Load: load sensors measure the weight of a tank to gauge the level, with the sensors typically attached to the support framework of the tank to measure the force applied by the mass of the container. Any change in weight corresponds to a change in level. Load sensors can be used for liquids as well as solids, assuming the material is of constant density.
Capacitive sensing example
With many different technologies, here is an example of one particular type, as illustrated by capacitive sensors from CAPTRON.
As the diagram above shows, the functional principle of capacitive level measurement is based on a changing condenser capacity. In this case, the probe rod and the tank wall from the two electrodes, while the liquid or material functions as the dielectric medium. A level change causes a change in capacity. An empty tank has a low capacity; a filled tank has a high one.
The selection criteria are based on several factors – for example, if the tank is metal, then one-rod probes are used, otherwise, in plastic tanks a double-rod probe or a jacket tube probe could be better. Environmental conditions, such temperatures above 100°C and protection requirement (eg. IP67) will determine the need for an external amplifier or type of connector.
Different industry sectors make different demands on products and materials. This is why CAPTRON provides a range of combinable and customizable probe systems. Depending on application and tank type, its system enables the creation of the probe configurable to very specific customer needs, right up to the probe length adjusted to the nearest millimeter. Customizability is an important part of the consideration, especially when there are varying tank sizes. CAPTRON meets this demand by making custom length probes or even double probes, with the sensors capable of measuring many liquids and powders without corroding due to material options. Custom sensors can be created based on customer demand, in particular, the length of the rod can be determined in by the inch, and delivered within two weeks. CAPTRON’s level sensors are extremely reliable (we have installations working over 20 years) and very accurate. CAPTRON provides services for precise calibration to the tank geometry, the measured medium (DK value) and other influencing factors as temperature, movements of an agitator, and so on.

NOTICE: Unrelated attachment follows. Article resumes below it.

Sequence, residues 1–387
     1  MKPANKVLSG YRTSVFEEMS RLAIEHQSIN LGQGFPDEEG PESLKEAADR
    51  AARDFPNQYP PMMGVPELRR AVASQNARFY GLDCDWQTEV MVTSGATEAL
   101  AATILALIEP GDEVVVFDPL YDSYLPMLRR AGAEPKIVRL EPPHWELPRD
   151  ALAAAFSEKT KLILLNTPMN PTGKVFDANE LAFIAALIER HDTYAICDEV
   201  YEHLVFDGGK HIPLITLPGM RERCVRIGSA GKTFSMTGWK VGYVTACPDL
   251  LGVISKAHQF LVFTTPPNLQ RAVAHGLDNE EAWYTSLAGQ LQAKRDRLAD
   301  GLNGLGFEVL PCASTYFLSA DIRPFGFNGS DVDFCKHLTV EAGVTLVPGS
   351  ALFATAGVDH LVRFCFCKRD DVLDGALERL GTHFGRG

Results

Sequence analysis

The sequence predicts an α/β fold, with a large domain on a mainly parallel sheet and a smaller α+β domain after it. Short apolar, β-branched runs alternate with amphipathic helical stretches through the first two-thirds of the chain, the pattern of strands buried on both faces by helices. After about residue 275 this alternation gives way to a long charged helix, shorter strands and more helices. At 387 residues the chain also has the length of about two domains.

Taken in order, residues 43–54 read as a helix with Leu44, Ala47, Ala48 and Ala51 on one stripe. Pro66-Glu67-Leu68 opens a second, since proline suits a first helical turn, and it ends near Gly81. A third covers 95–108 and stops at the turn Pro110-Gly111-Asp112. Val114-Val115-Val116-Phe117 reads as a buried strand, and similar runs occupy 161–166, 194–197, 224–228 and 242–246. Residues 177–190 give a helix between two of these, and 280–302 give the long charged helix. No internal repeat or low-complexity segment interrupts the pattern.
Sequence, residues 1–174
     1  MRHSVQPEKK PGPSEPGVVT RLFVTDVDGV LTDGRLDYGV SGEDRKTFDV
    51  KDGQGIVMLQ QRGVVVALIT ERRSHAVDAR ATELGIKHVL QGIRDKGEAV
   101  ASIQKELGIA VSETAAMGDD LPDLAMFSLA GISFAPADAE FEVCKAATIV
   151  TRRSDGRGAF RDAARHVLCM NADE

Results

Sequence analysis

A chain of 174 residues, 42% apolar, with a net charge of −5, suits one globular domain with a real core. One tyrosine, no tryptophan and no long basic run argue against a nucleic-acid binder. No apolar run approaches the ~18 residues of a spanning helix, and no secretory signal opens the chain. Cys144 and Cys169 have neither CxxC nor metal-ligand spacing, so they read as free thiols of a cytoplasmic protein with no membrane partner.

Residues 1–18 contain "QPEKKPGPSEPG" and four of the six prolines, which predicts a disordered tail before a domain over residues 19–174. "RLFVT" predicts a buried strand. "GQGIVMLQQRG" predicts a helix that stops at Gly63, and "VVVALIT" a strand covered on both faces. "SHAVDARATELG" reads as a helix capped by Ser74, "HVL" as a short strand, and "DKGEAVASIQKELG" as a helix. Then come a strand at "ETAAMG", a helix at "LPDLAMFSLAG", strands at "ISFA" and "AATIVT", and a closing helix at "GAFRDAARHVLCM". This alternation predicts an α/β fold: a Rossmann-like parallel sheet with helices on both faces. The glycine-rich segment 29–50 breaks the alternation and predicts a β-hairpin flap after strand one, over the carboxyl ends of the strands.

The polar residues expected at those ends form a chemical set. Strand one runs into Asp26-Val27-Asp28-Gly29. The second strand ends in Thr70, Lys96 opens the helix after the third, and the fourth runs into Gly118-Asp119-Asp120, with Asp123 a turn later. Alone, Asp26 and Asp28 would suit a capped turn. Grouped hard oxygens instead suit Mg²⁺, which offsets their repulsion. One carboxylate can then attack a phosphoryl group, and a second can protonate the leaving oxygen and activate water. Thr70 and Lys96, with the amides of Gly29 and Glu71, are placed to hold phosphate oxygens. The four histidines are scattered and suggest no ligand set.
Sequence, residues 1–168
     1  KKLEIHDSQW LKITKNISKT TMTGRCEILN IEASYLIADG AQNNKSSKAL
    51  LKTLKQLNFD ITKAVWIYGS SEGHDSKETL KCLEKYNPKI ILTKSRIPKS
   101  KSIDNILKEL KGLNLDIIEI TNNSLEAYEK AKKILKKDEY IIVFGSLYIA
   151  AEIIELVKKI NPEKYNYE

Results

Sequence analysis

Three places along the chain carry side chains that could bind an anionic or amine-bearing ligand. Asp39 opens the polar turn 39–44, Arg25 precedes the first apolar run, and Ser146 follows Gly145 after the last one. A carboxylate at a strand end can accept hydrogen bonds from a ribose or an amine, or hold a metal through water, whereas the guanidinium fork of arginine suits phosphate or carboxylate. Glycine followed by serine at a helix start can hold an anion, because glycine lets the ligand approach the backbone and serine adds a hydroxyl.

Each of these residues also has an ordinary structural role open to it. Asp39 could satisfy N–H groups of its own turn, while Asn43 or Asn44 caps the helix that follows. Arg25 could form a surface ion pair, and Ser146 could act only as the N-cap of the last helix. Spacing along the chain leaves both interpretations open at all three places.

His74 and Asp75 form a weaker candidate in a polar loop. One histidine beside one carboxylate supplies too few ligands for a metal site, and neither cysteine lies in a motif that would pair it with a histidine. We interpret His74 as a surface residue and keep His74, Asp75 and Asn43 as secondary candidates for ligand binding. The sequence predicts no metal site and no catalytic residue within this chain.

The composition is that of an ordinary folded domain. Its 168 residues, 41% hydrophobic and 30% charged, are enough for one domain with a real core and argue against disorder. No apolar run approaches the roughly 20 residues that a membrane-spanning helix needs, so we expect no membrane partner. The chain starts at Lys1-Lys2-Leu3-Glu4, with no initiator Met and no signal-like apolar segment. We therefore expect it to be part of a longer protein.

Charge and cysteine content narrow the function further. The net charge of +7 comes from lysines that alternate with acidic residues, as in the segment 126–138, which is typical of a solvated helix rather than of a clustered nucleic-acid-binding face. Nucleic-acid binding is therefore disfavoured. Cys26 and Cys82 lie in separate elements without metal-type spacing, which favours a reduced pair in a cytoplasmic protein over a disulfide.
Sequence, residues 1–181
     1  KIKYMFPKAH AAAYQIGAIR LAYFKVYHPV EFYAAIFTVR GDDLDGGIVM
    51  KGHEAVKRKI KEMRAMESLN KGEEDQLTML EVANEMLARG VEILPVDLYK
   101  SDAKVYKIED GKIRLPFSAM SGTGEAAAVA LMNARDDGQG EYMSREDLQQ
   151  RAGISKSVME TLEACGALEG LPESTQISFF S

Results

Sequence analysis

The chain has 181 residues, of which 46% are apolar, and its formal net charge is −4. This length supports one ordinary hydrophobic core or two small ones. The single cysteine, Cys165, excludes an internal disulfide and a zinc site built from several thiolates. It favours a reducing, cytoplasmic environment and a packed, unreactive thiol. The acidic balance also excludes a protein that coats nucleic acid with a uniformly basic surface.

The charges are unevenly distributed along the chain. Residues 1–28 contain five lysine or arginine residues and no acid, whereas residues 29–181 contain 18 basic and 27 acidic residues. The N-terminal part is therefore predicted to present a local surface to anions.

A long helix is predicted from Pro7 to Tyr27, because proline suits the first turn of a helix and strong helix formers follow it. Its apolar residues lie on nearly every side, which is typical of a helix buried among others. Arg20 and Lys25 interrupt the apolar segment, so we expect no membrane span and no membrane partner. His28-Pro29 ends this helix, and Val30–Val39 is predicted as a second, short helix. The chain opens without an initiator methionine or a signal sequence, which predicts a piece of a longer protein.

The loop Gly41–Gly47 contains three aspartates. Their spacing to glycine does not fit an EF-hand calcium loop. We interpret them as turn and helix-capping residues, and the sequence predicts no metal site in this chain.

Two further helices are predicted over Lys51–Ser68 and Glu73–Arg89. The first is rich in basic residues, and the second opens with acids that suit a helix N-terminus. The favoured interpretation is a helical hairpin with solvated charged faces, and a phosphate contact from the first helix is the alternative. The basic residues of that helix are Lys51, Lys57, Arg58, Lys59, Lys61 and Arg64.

Probes can also come either as compact probes in which the electronics and the probe form a unit, or probes with external amplifiers. The external amplifier is connected to the rod probe via a shielded, temperature resistant teflon cable. As a result of the spatial separation of the rod probe and the amplifier, these probes are suitable for temperatures up to 230°C.
Please change C to C0 on the left picture. On the right picture it should be C = C0 + DC. I would remove the vertical arrow with DC, because the measurement is from the rod to the wall of the tank.
the Differences at a glance...
|Contact with medium||Yes||Yes||No||No|
|Installation & SetUp efforts||high, one device per measuring point.||medium||low||low|
|Measurement Type||digital (I/O)||digital (I/O) & Analog (0...20mA, 4..20mA, 0-10V)||digital (I/O) & Analog (0...20mA, 4..20mA, 0-10V)||digital (I/O) & Analog (0...20mA, 4..20mA, 0-10V)|
|Pro's||Suitable for non-metal tanks||Can measure any medium incl liquids and bulk materials. Suitable for complex tank geometries (metal & non-metal)||Suitable for non-metal tanks||Suitable for non-metal tanks|
|Con's||No continuous measurement possible. One device per measuring point required||Contact with medium required||Tank cannot be filled entirely due to time-of-flight measurement principle. Does not work in vacuum and has problems with foaming materials and complex tank geometries.||Tank cannot be filled entirely due to time-of-flight measurement principle. Has problems with foaming materials and complex tank geometries.|
|Contact with medium||Yes||Yes||Yes||No|
|Installation & SetUp efforts||high, one device per measuring point.||medium||medium||medium|
|Measurement Type||digital (I/O)||digital (I/O)||digital (I/O)||digital (I/O) & Analog (0...20mA, 4..20mA, 0-10V)|
|Pro's||Suitable for non-metal tanks||Can measure any medium incl. liquids and bulk materials. Suitable for complex tank geometries (metal & non-metal)||Very simple measurement principle for liquids.||Entirely Contactless, no holes in tank required|
|Con's||No continuous measurement possible. One device per measuring point required||Contact with medium required||High failure rate, residue can block the sensor||Tank must be mounted onto of the sensor.|